Andy: “Are you alone?”
Last season we ended on an answer: Megan accepting Don’s proposal of marriage. This season, we end on a question intent on upending everything contained in that answer. We end with Don, in an absolutely gorgeously shot sequence, striding away from a shrinking pane of color and light, into a darkness that renders his suit a sort of camouflage. We end with Don in the glow of a bar strikingly similar to the one at which we first met him, with all the cyclical, cynical regression that implies.
I’m already seeing very strong, very mixed reactions to “The Phantom,” many of which reiterate the range of sentiments towards season five as a whole. While there are a great many things to discuss about this finale, I’d like to start with a topic we’ve returned to nearly every week. No: Mad Men is not a subtle show. Has it ever been? More importantly, would it have any business being? At its core this is a melodrama. Subtlety is not in the DNA of the genre. And there’s nothing wrong with that! Done well, melodrama is as valid and potent a narrative style as any.
For my money, “The Phantom” was a fine exercise in that style from beginning to end. And in the tradition of grand melodrama, the moments that worked best were the ones of naked, heightened emotion – like that final montage, or Pete’s soul-searching (and ultimately self-pitying) confession to a post-treatment Beth*, or the lingering shot of Lane’s empty chair while Joan waits for someone in the meeting to poop the party. There have been episodes this year with more indelible scenes (Don and Joan at the bar), episodes with more impressive performances (Peggy’s long-awaited goodbye), episodes with more pure entertainment value (any edition of Roger Sterling Bribery Theater). But “The Phantom” wound up most of the season’s character arcs nicely, closing some doors and opening others.
*Beth having all traces of Pete Campbell’s existence wiped from her memory offers the first completely non-controversial benefit of electroshock therapy ever.
Les: It’s only been a couple of hours since I saw the finale, and truth be told I’m not quite sure where I fall on it. I’m certainly not in the camp that thinks it was a bad episode and emblematic of the show losing a lot of traction this season, but at the same time I also feel more than a little underwhelmed. It did tidy up a lot of arcs – Pete’s affair and city apartment, Peggy’s new professional stance, Roger’s “life-altering experience” – but it lacked the revolutions of previous finales where Don would blow up the agency or impulsively propose marriage. Previously we’ve faced new beginnings, uncertain but new all the same; here, we seem to have found ourselves in a holding pattern. Don still doesn’t understand his wife, Pete’s still dissatisfied despite having a remarkably understanding Annie Edison to come home to, Roger’s always going to find a new woman to serve as a bandage on his insecurities.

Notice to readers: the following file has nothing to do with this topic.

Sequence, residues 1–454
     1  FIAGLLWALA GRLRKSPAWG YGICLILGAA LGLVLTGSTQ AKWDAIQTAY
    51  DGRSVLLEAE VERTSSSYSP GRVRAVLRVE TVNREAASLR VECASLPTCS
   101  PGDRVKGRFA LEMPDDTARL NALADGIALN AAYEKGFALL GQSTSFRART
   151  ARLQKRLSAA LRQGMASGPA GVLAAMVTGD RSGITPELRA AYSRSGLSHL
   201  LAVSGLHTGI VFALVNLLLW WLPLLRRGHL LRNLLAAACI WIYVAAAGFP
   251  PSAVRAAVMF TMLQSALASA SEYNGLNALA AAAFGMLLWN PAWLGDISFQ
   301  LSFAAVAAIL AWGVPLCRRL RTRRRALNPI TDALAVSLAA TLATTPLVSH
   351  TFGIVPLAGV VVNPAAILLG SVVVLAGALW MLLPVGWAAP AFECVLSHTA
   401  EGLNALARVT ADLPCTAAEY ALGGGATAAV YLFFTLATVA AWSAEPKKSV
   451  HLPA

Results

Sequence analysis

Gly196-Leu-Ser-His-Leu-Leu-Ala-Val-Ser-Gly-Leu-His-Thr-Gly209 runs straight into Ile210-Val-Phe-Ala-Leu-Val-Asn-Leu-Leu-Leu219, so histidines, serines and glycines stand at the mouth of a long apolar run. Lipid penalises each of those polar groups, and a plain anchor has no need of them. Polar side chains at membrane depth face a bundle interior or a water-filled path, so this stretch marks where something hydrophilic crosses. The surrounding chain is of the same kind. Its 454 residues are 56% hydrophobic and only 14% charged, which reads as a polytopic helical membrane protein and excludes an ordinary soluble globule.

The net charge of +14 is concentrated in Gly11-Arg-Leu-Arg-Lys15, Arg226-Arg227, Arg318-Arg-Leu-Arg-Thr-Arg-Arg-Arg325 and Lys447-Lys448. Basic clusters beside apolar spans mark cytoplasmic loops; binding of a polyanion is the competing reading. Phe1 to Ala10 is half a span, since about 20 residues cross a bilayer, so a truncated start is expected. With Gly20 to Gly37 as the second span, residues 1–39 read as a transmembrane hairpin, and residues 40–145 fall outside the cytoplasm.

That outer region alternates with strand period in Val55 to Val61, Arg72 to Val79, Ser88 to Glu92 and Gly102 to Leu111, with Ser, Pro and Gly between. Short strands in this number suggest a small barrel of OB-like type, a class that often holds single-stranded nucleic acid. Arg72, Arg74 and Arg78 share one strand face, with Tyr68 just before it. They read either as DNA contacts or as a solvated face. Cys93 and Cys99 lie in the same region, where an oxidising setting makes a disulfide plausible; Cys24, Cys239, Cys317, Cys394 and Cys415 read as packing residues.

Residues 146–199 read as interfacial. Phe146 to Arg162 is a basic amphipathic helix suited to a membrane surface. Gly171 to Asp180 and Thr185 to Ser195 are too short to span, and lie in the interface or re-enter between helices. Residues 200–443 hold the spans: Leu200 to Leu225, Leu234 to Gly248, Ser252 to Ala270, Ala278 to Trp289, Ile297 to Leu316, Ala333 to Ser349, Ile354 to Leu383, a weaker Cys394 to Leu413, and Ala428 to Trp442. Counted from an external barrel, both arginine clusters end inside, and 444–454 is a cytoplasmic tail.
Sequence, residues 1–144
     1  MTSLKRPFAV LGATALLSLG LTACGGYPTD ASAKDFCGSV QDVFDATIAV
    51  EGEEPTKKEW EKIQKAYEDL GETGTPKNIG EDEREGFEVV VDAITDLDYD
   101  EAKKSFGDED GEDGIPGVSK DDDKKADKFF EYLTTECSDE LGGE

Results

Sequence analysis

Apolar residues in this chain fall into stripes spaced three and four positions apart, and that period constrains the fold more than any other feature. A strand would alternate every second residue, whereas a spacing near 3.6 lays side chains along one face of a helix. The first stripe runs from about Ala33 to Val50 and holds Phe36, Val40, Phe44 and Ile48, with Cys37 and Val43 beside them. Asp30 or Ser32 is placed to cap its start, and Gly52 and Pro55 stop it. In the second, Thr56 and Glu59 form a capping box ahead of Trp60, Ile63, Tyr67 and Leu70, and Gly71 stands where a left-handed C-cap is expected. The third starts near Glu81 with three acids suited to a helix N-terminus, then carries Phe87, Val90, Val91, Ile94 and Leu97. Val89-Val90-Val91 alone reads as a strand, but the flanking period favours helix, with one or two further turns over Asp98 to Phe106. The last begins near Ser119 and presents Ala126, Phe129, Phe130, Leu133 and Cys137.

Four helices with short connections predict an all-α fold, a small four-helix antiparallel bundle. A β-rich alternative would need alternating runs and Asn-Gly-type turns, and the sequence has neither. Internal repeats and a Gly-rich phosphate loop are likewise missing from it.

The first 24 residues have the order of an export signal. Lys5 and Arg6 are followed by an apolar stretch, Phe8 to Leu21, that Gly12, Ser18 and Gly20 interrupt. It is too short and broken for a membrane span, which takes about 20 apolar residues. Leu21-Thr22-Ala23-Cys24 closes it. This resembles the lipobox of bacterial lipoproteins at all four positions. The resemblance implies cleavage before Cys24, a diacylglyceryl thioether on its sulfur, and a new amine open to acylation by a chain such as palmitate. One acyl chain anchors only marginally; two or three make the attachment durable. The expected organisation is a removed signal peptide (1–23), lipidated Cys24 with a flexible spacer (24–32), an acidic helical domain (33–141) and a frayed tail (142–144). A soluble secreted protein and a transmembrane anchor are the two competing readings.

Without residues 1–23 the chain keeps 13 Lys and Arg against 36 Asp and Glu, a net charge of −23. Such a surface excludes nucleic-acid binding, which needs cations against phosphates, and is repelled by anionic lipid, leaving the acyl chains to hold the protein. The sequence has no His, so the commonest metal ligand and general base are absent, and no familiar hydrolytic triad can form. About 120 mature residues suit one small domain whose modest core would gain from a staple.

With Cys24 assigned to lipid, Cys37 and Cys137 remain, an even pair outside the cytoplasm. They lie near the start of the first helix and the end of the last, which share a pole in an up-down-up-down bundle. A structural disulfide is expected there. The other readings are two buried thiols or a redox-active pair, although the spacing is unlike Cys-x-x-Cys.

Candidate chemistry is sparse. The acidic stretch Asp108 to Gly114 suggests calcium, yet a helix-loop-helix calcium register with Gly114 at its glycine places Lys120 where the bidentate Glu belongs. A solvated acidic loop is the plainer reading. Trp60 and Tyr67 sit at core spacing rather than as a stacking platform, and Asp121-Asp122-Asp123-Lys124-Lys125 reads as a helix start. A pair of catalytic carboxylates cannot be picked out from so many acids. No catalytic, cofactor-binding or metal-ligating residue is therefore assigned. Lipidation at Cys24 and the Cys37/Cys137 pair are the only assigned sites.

And yes, it wasn’t subtle in any of this. But curiously, that didn’t really bother me beyond making a couple cracks about it on Twitter. As our friend Daniel Walters noted in his column last week, while the show’s been less subtle this season around it’s also been a more entertaining show in a lot of ways. There’s been a heightened reality that’s produced some lively moments alongside the quieter character scenes – Lane sending Pete to the floor with a right cross, Roger hearing orchestral music as he opens the vodka, Megan zou bisou bisouing her way across the room. We’d never see these moments from the characters as they were in season one, emerging from the quiet Eisenhower years. As the show’s reminded us constantly, times are changing, and they’re doing so in bigger and bigger ways. Faced with that reality, the only reaction for the agency and the show may be to react in kind. (Our This Was Television partner Noel Kirkpatrick speculated that it could be the show adopting more of the 60s/70s campy melodrama elements, which I think would be a neat little trick if intentional.)
And in terms of not so subtle messages in “The Phantom,” the biggest one was Don’s toothache. Surprise, surprise, there’s a pain in Don’s life he can’t soothe (even with Budweiser-coated cotton balls) and he ignores it thinking it’ll eventually go away – but instead it rots for days and days. And once again, when Don’s in pain, Don hallucinates. Given the episode’s title I was expecting a ghost who walks at some point, but I thought Matt Weiner would take advantage of Jared Harris’s final episode as a member of the regular cast and have Lane* be the messenger. Instead, we get Adam Whitman, the first person Don thought he was doing a kindness to by sending away and who took their own life in response, glimpsed twice out of the corner of Don’s eye and once directly under the influence of nitrous oxide. No resolution, no epiphany – just a reminder that Don’s demons are “hanging around”** and he’ll never fully outrun them.
*Not that Lane’s ghost was absent from the episode – between his empty chair in the partners’ meeting and his iconic red armchair now sitting vacant in Rebecca’s apartment, the specter of his absence hung large over the episode. And not ever Bert Cooper’s willing to ruminate in that office.
*Even Roger Sterling would say “too soon” to that joke.
So Cory, how’d you feel about this one. Too broad, or just broad enough to be entertaining?